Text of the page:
Pat Shingleton: "wine Weather and Thunderstorm Asthma..."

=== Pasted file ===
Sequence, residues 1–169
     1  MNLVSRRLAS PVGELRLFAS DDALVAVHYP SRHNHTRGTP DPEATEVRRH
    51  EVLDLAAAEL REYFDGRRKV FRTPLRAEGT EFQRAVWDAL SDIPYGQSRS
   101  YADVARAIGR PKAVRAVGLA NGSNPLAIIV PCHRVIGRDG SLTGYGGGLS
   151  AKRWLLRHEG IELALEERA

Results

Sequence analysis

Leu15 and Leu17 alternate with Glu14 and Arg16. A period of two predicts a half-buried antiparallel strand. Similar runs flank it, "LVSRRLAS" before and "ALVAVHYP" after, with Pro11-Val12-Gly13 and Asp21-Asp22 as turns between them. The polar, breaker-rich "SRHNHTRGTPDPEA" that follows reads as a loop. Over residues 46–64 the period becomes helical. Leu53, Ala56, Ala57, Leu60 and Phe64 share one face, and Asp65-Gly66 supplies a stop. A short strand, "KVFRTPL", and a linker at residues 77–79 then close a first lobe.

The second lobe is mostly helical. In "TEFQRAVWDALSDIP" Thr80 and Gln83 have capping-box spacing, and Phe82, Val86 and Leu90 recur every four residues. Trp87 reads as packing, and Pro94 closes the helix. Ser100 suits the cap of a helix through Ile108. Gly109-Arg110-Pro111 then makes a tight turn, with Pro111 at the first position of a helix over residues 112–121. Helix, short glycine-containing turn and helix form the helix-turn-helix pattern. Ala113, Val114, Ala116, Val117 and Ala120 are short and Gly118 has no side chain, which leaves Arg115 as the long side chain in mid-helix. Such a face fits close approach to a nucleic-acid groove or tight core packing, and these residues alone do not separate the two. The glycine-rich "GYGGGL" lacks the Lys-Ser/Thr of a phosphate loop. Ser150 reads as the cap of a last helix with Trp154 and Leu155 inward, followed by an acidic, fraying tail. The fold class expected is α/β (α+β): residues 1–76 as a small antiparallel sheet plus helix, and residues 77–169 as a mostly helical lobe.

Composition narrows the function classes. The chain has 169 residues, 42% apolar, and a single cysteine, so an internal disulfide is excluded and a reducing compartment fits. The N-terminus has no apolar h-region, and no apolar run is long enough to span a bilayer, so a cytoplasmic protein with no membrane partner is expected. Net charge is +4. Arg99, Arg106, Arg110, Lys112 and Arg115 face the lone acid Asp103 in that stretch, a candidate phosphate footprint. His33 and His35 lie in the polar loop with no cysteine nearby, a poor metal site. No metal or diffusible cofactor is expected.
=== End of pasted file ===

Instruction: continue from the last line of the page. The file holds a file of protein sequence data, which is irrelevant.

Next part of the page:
The massive California wildfires compromised many vineyards in the Napa and Sanoma Valleys. Their loss is ours as well for not only choice wines but grape juice as well. Sugar, acid and more than 200 flavor components give each grape a variety of characters. It's what makes your Riesling crisp and your Cabernet Sauvignon rich. Weatherwise Magazine reported that as grapes ripen through the summer months, sugars accumulate and acids diminish. In the final weeks before the harvest the flavor compounds erupt and through the delicately balanced, weather-dependent process, the magic occurs. Too much heat and the sugars quickly develop before the flavors arrive. This results in a wine that is alcohol heavy and low in acidity. If the temperatures aren't high enough the grape won't completely ripen and the flavors are stunted and your merlot won't have a mellow glow. Grower's love a long, slow, warm and dry season finale. In closing, researchers determined that thunderstorms rupture pollen grains that release allergens that are then scattered by strong winds. Studies documented the link between asthma and the numerous episodes of thunderstorms. Scientists from the University of Georgia and Emory University determined that the number of hospital visits for asthma-related problems in Atlanta increased after thunderstorms. The medical journal, Thorax, reported that hospital data from 20 counties in the Atlanta region matched data on thunderstorms, total daily rainfall and wind gusts at Atlanta’s Hartsfield-Jackson International Airport during the same period. This research assisted in preparing strategies for treatment and prevention.
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